Oats were one of the first cereals cultivated by man. They were to be found growing in ancient China as long ago as 7000 BC while the Greeks are believed to be the first to make porridge from oats. However, it was the Romans who not only introduced oats to other countries in Western Europe, but also gave them and other cultivated crops the name cereals, after the Roman goddess of agriculture: Ceres.
Today there are many varieties of oats which have evolved from the original Asian wild grass (Avena Fatua). The best quality oats grow where there is light fertile soil, where the climate is temperate and there is a rainfall of over 60cm (24") a year.
Oat grains are sown in the winter and ripened in the fields by the summer sun. The oats are then harvested when fully ripe in the autumn. One can easily recognize oats from other grain crops such as wheat and barley, by the way the grains appear in clusters called "panicles" on tall graceful stems. A typical oat plant grows to around 90cm (3ft) high and each stem generally carries about twenty to twenty-five grains. Each panicle carries two or three grains and each grain is covered by a outer husk that helps protect it all the way to the mill.
These oat grains are the raw material used to produce oatmeal and a variety of oat-based products.
The cultivation of oats is particularly suited to Ireland's climatic conditions and therefore oatmeal became a staple food of the Irish from prehistoric times until the seventeenth century. Vast quantities of oatmeal were consumed in the form of porridge or stirabout (a thick mixture).With the introduction of the potato in the late sixteenth century, the prevalence of oatmeal porridge declined as potatoes superseded oats as the staple diet and only in times of poor potato harvest did it temporarily regain its pre-potato status. However, despite the prevalence of the potato, oats maintained a strong foothold in the national diet until well into the late nineteenth century.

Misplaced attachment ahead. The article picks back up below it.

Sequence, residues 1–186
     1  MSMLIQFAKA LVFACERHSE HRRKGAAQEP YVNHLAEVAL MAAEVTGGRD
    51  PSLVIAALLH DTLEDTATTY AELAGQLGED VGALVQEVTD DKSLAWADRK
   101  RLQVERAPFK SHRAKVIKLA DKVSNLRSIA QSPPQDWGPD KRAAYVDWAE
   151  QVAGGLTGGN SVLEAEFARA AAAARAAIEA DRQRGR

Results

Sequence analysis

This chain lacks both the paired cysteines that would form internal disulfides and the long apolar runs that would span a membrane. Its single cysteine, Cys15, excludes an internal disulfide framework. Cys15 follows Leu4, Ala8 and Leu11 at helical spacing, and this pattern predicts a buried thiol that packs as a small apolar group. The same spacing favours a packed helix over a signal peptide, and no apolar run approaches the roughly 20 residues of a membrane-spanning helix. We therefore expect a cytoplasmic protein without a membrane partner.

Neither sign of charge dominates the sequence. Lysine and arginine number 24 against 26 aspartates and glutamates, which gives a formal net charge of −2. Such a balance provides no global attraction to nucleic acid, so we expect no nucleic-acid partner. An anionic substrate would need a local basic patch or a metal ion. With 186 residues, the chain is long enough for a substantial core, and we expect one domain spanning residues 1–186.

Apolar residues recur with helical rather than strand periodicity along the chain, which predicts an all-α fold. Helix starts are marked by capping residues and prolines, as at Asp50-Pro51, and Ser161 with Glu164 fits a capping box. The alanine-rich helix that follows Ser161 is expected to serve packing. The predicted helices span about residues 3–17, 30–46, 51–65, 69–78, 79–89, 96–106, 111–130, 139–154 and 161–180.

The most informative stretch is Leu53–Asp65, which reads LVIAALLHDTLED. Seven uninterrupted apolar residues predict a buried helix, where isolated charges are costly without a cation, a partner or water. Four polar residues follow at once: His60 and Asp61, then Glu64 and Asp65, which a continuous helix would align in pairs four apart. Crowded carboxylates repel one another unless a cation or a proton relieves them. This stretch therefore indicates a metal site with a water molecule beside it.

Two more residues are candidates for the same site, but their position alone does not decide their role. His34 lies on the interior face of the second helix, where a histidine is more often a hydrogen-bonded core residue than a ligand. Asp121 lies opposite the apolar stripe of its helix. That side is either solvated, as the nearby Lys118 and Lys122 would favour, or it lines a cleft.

Most households also held stores of oatmeal for the production of porridge, bread - and importantly - as an ingredient for the manufacture of black puddings.
In the nineteenth and twentieth centuries oatmeal became increasingly popular when it was mixed with whiskey as a cure for the common cold. In this period porridge increasingly became a breakfast dish and this was promoted by the establishment of the commercial oatmeal producers, Flahavan's, in the eighteenth century.
Despite the establishment of bacon and eggs as the "traditional Irish breakfast" in the nineteenth century, porridge still retained its place as a regular breakfast dish. The popularity of breakfast porridge is well illustrated in the culinary advice offered by George Bernard Shaw in his 1904 publication John Bull's Other Island :
"Boil oatmeal porridge for 20 minutes; and if you think the result mere oatmeal and water, try boiling it for two hours. (If you still think it as unpalatable as dry bread, treat it as you treat the bread; stir up a bounteous lump of butter in it, and do not forget the salt.) In eating oatmeal porridge, remember that there's nothing so becomes a man as moderation and an admixture of stewed fruit."
Copyright: - Ireland's Traditional Foods - An Exploration of Irish Local & Typical Foods & Drinks by Cathal Cowan and Regina Sexton - Published by Teagasc- The National Food Centre, Dublin, 1997.